The 54-year-old is also an established painter who has hosted and participated in several exhibitions. Earlier this year, he co-authored a book of poetry with over 150 poems. “Learning is an ongoing and lifelong process. It is vital to constantly pay close attention to your body, mind, intellect, and surroundings. Picking up new skills is not limited to the young; it is also for the greyheads,” he says.
Life has taken a similar trajectory of new learnings for UAE-based Sollykutty Sunny. At 57, she started her diploma course in counselling after having worked as a nurse for over three decades. She found the classroom sessions refreshing and fun and got to interact with people of different ages and backgrounds.
Being a student has made her active both physically and mentally. “I have an interesting routine now; I enjoy it more than my mundane work life,” she says.
“I go out with my classmates during the weekends and after classes. Although we are studying to get a degree, there is no pressure to score high marks or be at the top.” This experience has helped Sunny reflect on her own parenting techniques. “I pressured my children to score high marks instead of learning; I regret doing that. At the end of the day, it is not grades or marks that matter, but what we gained in the process and how it improves the way we live,” she says.
Menon encourages his clients to play board or card games at least once in a week. “These games are a fun way to promote teamwork. There is healthy competition which enables one to not only work towards a collective goal but also deeply understand different emotions of people involved,” he says.
According to Guru, interactions with others are fodder for intellectual growth. “Being out and about forces you to consider other perspectives. It forces you to get outside your head and your comfort zone and be present. This in turn engages you intellectually.” He thinks that workplace training and brainstorming sessions are another great way for employees to grow intellectually.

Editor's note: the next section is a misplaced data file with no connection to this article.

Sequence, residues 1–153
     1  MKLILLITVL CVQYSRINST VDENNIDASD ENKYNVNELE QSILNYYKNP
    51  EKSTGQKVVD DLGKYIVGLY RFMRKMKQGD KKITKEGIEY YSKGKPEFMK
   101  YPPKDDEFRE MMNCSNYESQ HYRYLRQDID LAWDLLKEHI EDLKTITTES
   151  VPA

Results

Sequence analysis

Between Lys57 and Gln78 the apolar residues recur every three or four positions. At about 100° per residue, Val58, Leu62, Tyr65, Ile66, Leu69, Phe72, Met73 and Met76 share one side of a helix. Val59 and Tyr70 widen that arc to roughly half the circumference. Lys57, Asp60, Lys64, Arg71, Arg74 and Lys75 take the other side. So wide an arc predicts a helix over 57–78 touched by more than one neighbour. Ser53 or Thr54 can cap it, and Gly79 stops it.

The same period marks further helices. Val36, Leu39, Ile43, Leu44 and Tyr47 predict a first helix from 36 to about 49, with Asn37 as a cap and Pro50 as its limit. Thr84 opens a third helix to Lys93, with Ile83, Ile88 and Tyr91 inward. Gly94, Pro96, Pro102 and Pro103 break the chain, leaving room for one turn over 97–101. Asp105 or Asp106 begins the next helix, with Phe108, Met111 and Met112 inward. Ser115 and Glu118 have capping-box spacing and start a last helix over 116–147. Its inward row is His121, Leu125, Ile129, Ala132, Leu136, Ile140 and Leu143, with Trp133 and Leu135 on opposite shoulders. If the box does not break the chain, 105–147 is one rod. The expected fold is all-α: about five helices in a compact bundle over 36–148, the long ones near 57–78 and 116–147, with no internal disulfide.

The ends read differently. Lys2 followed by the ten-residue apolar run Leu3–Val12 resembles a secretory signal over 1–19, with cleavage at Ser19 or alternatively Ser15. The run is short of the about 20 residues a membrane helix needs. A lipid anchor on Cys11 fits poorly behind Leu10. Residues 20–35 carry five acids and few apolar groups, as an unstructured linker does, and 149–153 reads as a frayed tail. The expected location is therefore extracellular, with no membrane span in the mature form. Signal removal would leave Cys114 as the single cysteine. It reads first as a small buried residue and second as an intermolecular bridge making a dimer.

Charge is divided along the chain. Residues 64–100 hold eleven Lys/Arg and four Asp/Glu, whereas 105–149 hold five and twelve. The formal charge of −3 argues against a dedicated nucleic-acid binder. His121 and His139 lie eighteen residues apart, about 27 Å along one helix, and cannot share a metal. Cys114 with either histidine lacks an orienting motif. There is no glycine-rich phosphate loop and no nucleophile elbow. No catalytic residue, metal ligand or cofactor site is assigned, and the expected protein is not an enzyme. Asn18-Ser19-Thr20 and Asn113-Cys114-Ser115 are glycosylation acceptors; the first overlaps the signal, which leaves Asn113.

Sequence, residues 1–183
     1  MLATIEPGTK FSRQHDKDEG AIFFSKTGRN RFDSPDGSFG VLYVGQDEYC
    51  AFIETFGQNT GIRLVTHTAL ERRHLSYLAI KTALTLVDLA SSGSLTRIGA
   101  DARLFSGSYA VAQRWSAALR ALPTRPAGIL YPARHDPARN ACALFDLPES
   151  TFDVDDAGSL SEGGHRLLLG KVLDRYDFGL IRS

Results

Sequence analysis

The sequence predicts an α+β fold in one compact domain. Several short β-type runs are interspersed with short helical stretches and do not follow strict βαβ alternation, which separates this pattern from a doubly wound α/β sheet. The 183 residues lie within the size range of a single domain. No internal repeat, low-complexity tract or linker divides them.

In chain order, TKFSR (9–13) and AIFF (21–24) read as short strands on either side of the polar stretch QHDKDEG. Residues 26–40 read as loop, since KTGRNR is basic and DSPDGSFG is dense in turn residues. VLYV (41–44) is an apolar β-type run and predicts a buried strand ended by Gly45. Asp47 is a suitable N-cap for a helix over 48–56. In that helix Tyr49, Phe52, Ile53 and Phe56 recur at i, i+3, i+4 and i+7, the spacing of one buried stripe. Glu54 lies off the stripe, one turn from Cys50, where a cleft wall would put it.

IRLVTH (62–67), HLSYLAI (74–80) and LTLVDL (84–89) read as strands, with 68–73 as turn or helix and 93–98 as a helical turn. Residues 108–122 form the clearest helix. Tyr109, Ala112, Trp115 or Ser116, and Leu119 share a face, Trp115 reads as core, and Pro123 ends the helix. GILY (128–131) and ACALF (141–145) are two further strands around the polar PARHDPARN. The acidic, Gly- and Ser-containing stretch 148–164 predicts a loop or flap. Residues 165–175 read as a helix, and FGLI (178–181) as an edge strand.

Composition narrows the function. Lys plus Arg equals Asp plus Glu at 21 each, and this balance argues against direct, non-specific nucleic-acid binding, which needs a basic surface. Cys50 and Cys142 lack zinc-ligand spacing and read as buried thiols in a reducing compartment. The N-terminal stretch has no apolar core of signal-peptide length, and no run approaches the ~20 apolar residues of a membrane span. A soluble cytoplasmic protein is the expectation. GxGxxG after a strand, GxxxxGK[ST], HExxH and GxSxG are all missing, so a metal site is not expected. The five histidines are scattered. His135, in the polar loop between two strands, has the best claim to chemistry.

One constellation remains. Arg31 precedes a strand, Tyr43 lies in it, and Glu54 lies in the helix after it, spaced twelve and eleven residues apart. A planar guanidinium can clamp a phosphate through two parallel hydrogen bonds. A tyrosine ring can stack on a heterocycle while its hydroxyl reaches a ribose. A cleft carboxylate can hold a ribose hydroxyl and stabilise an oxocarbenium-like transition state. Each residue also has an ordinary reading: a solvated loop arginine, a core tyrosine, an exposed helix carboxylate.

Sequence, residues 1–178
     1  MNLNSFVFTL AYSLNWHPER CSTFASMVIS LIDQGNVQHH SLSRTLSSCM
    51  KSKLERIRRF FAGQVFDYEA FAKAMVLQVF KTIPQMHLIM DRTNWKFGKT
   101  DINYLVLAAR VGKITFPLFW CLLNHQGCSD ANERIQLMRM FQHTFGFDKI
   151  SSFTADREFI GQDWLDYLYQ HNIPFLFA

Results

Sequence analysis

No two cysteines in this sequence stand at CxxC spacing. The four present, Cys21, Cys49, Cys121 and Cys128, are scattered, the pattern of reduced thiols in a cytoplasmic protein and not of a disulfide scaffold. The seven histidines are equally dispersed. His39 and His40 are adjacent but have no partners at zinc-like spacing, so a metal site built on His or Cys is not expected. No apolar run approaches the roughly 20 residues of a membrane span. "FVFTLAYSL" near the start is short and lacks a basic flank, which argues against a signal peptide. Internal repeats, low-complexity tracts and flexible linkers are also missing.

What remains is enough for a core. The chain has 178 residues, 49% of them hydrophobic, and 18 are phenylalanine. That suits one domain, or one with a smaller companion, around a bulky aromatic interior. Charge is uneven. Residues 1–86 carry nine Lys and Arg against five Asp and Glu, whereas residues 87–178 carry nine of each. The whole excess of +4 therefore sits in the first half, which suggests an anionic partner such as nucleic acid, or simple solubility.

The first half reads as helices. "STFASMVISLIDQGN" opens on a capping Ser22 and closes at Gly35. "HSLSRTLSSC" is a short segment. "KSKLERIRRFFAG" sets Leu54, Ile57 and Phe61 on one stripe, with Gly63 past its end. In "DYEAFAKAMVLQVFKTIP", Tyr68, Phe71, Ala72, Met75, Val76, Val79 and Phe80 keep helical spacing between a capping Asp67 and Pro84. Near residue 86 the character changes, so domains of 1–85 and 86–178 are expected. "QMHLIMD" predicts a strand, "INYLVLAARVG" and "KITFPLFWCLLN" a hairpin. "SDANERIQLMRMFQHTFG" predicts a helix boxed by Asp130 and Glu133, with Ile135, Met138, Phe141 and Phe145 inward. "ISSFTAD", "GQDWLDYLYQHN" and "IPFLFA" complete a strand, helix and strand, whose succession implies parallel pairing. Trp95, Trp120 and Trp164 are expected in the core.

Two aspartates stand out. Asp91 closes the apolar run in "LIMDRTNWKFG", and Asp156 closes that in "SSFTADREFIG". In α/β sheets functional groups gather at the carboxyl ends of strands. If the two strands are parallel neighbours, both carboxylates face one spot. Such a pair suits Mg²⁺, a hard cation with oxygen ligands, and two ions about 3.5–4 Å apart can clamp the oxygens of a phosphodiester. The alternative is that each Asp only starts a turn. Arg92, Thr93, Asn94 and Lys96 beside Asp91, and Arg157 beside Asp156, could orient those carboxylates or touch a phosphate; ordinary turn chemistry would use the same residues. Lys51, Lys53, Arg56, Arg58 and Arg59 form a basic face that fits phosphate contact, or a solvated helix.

Life lessons from Guru and Das
- Listen intently: An intellectually sound person would rather listen than speak, and then act on it.
- Learn and re-learn: Some skills or lessons may take time to learn. Be kind to yourself and re-learn the same concepts if necessary. Keep learning, explore what you are curious about and do something that makes you think deliberately every single day.
- Solve puzzles: If you don’t feel particularly curious, solve puzzles or play board games. Puzzles are excellent for problem-solving skills, and board games make you work with other players in a dynamic environment that has real-world applications.
- Ponder on new ideas: Keeping the mind engaged with thoughts that could aid in self-growth reduces the chance of negative thoughts filling up your head.
- Communicate well: Ask questions until you find answers but not in a derogatory or belittling manner. Practice being polite with your doubts with an intent to learn rather than to hassle or put down others.
- Make room for hobbies: Engaging in a hobby breaks the mundanity of work or studies, and channelises one’s energy to more relaxing yet productive activities.
- Read: Reading improves memory and acts as a workout for the brain. Besides gaining knowledge, it also significantly improves linguistic skills.
- Encourage self-learning: Learning things on our own is key. The best lessons are outside the classroom.